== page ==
The bench that helps mothers breastfeed their babies in public

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The produce, known as Heer, includes a seat that rotates and gently rocks to serve calm babies and offer mothers some privacy.

The bench that helps mothers breastfeed their babies in public© Marija Gašparović

A new bench which directs to make it easier for mothers to breastfeed in public discreetly and comfortably has been devised.

52Hours, a boutique design studio based in Prague created the bench be versed as Heer and hopes it can be rolled out across cities, making them “friendlier” for breastfeeding spoils.

The project, which was led by Ivana Preiss and Filip Vasic, together with Belgrade-based industrial conspirator Nikola Knezevic, aims to offer “a middle ground between the typical needs and often antagonistic cultural norms, between comfort and care,” according to the studio.

Design strategy director at 52Hours, Ivana Preiss, voices: “The idea for Heer first came to us when we witnessed a mother being shamed for breastfeeding in a segment place. We thought the solution must be in design.”

After carrying out some scrutinization, they found that “a lot” of women had “negative experiences” while breastfeeding for a scope of social, cultural and health-related reasons.

“It was also clear that the incorrigible is not only ideological, but more importantly a practical one,” Preiss says.

“Really put, urban public spaces still lack infrastructure that is habituated to the needs of mothers with little babies.”

The studio says it increased positive feedback when the prototype was showcased at the 100% Design pretty in September, when visiting mothers started “spontaneously” using it to breastfeed.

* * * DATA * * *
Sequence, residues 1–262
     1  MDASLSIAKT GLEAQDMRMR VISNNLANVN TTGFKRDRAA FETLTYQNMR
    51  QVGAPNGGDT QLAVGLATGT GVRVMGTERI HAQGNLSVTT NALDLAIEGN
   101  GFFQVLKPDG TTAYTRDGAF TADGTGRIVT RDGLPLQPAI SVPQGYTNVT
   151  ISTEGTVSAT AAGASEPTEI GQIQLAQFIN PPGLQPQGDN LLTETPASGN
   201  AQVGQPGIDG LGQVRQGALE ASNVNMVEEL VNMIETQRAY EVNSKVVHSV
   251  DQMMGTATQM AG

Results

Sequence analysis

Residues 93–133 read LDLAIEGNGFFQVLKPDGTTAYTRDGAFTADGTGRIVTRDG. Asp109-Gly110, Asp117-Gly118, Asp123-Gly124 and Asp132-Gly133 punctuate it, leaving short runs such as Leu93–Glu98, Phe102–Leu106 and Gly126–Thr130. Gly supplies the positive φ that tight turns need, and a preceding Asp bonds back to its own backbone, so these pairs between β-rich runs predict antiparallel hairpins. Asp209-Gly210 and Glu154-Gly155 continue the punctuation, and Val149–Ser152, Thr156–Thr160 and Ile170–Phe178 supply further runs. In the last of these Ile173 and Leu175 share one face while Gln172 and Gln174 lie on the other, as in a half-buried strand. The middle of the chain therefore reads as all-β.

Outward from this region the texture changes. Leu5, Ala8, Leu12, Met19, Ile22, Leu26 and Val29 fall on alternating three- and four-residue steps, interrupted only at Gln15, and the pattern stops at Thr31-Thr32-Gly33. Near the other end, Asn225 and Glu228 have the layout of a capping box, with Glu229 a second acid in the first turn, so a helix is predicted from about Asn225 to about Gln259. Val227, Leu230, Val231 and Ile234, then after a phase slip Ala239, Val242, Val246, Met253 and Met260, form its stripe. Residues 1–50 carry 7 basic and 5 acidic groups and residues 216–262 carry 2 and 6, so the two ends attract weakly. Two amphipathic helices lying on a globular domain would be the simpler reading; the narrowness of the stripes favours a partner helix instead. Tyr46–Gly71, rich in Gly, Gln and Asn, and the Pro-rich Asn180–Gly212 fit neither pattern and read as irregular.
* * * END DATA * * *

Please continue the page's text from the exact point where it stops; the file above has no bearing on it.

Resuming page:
The bench is framed to offer privacy and calm in public spaces to feed a baby, whether the mother is breastfeeding or fair-minded feeding the child another way and wants a spot away from agitations.

Heer can adjust to various angles and spaces, to ensure the mother can on a comfortable position, according to the studio. It includes a pod-type seat, with arms that envelope the actually sitting in it, which rotates to offer the option of shielding the mother and stupefies gently to help relax the baby or soothe them to sleep.

In lieu of of isolating mothers by encouraging them to go to a separate area to feed their toddlers, the bench allows whoever is with the mother to stay with her, the studio influences, which is particularly useful if she is with another child.

The current archetype is made of composite materials and the studio says the final product will consist of environmentally sociable, recyclable materials.

The name “Heer” references both the words “here” – in answers to the challenge, “where can I breastfeed” – and “her” as in “her space”.

Reactions to the bench have been “overwhelmingly definite” so far, Preiss says.

“We receive messages from mothers asking for the bench and even-handed giving ideas for further products. Mums are spontaneously creating a community enveloping Heer and that is beautiful to see,” she says.

The studio acknowledges that some critics may spar that the product could reinforce stigma about women take to hide while breastfeeding.

But Preiss says that creating the bench was all in the air offering women a choice.

“We always knew we would receive gainsaying reaction from some groups, and we expected it,” Preiss says.

“Artifacts trying to address issues with some political charge are as per usual loved by some and hated by others.

“Our answer is simple: we are not saying whether mothers should breastfeed in visible or not. Of course they should breastfeed wherever and whenever they scarcity.

“But a lacking public infrastructure for mothers who for whatever reason, prefer or constraint to feed their babies in more privacy is another thing. We are upsetting to give them a choice that they don’t have now.”

Heer is currently in the immutable stage of development before being released to the market.

The studio fancies the product can be rolled out in a multitude of public places, such as parks, researching centres, airports, train terminals and various other public foundings and anywhere else mothers may need to feed their child. It has already had amusement from private and public entities.

Preiss says: “Following our hint at 100% Design we have had an interest from a lot of sides, most signally from a global retail chain and a city council of a European principal that is very interested in being the first in the world to install our benches in its suburb.”

For more information, see here.

All photos © Marija Gašparović.

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